Voidhawk.com Book and film reviews

29Dec/120

“The Dervish House” by Ian McDonald

dervishhouse

The setting of this novel is Istanbul in the middle of the 21st Century and it follows half a dozen disparate characters. A young boy with ambitions to be a detective, an ambitious trader with a plan to get very rich very quickly, an art dealer with a lead on a priceless ancient treasure, the newly-hired marketing director for a start-up technology company, a young man struggling to find his place in the world and a retired economist from the beleaguered Greek community will all find that their lives will be changed by the events that occur over the course of a few days

Having been very impressed with McDonald's previous two books, "River and Gods" and "Brasyl", I was looking forward to this and hoping that his portrayal of a futuristic Istanbul would match up with his portrayals of a futuristic India and Brazil from the preceding books. One of the best features of the book is his evocative description of a mid-21st Century Istanbul, having never been to Turkey I can't tell how genuine his portrayal of a future Turkey is, but he certainly makes it feel authentic and although this is Science Fiction novel written by an author from Belfast I still feel I’ve learned a lot about Istanbul from reading this.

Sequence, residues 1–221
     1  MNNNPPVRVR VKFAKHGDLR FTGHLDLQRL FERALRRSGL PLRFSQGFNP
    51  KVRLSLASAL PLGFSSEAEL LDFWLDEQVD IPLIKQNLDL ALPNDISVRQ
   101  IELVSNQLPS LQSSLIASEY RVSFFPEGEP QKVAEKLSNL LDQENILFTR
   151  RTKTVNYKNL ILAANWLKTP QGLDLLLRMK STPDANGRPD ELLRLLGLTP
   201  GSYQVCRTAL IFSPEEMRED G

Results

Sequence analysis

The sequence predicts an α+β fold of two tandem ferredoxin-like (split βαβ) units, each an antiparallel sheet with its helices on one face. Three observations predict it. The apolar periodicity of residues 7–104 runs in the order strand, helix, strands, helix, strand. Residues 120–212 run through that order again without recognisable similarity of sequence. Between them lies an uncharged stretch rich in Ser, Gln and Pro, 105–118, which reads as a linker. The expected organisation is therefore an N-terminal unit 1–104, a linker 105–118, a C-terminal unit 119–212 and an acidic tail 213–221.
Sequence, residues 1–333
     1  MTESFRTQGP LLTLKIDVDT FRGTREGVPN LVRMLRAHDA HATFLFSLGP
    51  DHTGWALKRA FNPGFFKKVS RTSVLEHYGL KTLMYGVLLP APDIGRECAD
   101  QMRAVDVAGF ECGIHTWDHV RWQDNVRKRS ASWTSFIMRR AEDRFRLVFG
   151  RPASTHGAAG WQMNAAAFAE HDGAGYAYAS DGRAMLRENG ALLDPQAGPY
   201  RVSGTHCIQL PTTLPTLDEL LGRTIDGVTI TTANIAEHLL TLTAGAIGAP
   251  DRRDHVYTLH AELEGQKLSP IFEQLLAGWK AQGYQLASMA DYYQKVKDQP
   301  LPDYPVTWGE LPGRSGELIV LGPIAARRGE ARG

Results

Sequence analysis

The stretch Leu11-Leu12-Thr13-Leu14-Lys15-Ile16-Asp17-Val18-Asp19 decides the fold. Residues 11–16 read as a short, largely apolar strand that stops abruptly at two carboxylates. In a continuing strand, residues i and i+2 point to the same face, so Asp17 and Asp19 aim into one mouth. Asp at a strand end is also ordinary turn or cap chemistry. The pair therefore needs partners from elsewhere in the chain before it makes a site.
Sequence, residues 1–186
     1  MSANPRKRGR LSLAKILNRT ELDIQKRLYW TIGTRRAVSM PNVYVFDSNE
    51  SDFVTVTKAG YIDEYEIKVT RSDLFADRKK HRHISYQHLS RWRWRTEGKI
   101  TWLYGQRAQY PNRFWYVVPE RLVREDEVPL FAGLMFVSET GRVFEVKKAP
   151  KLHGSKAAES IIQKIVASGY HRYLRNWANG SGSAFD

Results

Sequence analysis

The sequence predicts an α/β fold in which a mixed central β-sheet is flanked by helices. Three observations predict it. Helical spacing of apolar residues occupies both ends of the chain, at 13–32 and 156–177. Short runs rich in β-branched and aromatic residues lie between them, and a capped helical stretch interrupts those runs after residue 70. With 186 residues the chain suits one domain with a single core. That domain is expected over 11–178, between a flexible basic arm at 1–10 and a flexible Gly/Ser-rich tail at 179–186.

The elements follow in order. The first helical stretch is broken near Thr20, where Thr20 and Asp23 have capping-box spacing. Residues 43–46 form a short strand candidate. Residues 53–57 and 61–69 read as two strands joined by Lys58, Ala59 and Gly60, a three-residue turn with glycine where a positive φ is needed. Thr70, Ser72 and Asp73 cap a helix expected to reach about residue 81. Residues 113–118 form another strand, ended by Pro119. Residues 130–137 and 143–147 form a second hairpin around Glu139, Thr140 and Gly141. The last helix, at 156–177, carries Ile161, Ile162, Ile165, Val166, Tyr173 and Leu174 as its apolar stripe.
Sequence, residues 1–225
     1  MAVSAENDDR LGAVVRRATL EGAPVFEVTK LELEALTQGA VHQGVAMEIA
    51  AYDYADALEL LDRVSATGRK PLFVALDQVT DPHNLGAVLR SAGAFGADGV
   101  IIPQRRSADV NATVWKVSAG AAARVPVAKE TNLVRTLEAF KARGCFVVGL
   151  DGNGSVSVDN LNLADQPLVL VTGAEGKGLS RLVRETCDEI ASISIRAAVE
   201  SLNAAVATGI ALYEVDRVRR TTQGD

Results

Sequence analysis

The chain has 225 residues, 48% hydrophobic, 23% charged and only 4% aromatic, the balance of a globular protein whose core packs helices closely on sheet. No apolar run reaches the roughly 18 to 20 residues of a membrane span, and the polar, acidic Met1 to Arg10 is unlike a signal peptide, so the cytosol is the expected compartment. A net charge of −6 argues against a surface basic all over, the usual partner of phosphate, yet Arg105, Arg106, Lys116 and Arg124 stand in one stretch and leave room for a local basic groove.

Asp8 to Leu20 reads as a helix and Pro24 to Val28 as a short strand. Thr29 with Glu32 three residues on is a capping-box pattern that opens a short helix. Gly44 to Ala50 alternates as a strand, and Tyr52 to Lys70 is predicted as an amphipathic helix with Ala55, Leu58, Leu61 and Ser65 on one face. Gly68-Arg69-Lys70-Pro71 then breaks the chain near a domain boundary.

There is some excellent writing, from describing an obsessive young child's use of his toy robot to try to fight crime to the telling of the medieval legend of the Mellified Man. It is fast-paced and although it follows a number of different plots they all manage to be interesting. The characterisation is also very good, with a number of memorable characters in the large cast and some good character development as the novel goes on. I thought it was a very good book, but wouldn't rate it quite as highly as McDonald's previous two books, although the quality of the writing, world-building and characterisation is at a similarly high level the plot isn't quite as compelling and doesn't feel as momentous or ambitious as the plots in the other two books, although on the plus side it does have a more decisive and arguably more satisfying ending than Brasyl did.

Rating : 8.5 / 10

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